There are anecdotal reports that pedestrians who wear socks overtop of their footwear are less likely to slip and fall in icyconditions. Advocates of this practice include our local council,which advises residents who prefer to walk (rather than drive) inicy conditions to “put a pair of old socks over your shoes toincrease grip”.
Methods to enhance footwear traction have particular relevancefor our population. While the university, hospital, and businessareas of Dunedin are located on relatively flat land, mostresidential areas are clustered on the surrounding hills. Inwinter, damp weather followed by freezing conditions can transforma quick journey to work into a lengthy and perilous expedition.
Wearing socks over footwear significantly improved traction. Themean self-reported slipperiness scores in the intervention andcontrol groups were 1.6 (SD 1.14) and 2.9 (SD 1.32) respectively(difference in means 1.3, 95%CI: 0.4-2.3). This differenceincreased to 1.4 (95%CI: 0.4-2.3) after adjusting for sex. Therewas a high level of agreement between self-rated and observer-ratedslipperiness (r=0.70).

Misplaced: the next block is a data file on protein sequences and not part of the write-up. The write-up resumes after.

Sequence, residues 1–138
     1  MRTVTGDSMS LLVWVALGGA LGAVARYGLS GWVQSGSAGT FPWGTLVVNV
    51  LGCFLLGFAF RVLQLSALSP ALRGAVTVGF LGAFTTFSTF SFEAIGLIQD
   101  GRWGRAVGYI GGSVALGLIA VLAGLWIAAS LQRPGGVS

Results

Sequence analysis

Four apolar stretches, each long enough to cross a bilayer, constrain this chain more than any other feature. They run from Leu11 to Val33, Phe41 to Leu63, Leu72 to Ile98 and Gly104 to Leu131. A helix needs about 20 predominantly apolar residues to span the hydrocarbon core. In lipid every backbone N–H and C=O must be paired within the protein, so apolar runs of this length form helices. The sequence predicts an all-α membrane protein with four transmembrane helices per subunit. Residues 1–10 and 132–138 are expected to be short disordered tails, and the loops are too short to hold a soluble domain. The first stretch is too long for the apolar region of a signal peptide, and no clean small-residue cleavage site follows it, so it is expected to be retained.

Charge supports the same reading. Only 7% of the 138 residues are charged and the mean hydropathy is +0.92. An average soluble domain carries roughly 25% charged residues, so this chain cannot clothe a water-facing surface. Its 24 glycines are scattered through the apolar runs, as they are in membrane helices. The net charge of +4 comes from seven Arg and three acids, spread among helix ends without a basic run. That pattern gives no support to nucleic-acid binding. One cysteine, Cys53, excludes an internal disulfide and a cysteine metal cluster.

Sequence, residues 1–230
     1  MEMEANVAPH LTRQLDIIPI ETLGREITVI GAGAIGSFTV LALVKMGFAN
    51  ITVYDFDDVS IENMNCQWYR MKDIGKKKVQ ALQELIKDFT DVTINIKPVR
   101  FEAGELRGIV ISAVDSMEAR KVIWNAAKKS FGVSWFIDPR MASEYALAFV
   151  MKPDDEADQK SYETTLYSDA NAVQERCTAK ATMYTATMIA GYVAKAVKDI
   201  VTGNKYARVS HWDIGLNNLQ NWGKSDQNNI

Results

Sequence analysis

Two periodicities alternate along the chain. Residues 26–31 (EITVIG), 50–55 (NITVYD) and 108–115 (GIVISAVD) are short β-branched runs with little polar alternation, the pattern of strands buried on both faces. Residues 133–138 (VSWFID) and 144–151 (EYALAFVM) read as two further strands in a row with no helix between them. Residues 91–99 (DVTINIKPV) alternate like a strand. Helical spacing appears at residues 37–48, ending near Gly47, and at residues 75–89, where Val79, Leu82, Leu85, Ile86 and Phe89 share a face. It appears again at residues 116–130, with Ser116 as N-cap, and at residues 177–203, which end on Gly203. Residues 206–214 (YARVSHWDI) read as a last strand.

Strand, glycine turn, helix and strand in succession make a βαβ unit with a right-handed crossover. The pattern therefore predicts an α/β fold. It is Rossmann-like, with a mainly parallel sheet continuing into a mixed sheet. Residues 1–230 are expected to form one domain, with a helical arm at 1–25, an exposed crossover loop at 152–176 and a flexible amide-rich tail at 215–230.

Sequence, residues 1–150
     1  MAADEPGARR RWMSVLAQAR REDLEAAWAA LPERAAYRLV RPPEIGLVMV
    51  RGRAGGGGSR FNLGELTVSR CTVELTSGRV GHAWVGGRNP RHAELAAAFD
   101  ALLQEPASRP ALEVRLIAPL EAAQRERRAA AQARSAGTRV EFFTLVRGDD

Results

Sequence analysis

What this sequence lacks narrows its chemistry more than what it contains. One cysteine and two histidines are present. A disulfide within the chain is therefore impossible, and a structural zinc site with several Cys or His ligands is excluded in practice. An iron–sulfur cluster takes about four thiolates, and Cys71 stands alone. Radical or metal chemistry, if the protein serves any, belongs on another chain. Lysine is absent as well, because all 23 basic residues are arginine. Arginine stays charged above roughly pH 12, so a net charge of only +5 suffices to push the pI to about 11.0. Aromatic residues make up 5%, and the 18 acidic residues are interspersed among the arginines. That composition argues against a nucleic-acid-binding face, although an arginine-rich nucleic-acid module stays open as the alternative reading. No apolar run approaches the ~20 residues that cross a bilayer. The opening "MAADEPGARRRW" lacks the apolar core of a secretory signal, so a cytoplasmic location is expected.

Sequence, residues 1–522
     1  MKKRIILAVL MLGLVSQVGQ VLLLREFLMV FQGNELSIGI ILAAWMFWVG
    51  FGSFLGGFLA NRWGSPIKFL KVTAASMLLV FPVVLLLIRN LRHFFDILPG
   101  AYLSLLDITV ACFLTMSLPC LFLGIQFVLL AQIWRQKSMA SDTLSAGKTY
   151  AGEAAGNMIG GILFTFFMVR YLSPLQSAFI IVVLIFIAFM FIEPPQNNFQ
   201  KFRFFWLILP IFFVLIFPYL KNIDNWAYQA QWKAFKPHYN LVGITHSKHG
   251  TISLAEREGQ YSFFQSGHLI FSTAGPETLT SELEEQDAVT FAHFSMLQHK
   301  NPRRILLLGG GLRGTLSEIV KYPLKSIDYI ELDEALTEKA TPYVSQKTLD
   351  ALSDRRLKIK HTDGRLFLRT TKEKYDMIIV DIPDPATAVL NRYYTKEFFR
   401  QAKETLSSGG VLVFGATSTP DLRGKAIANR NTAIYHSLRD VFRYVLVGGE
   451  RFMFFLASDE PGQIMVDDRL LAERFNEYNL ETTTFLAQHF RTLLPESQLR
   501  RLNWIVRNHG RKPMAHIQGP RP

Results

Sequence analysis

Despite some residual scientific uncertainty, because of thehigh frequency of ice-related falls in our population, the cheapand simple nature of the socks-over-shoes intervention, and theabsence of physical harm (if correctly fitted), we feel inspired tojoin an eminent professor, herself a long-time proponent of socks,in adopting this practice this winter.
Competing interests: None known. In particular, none of theauthors has financial links with sock manufacturers and none of usown sheep.
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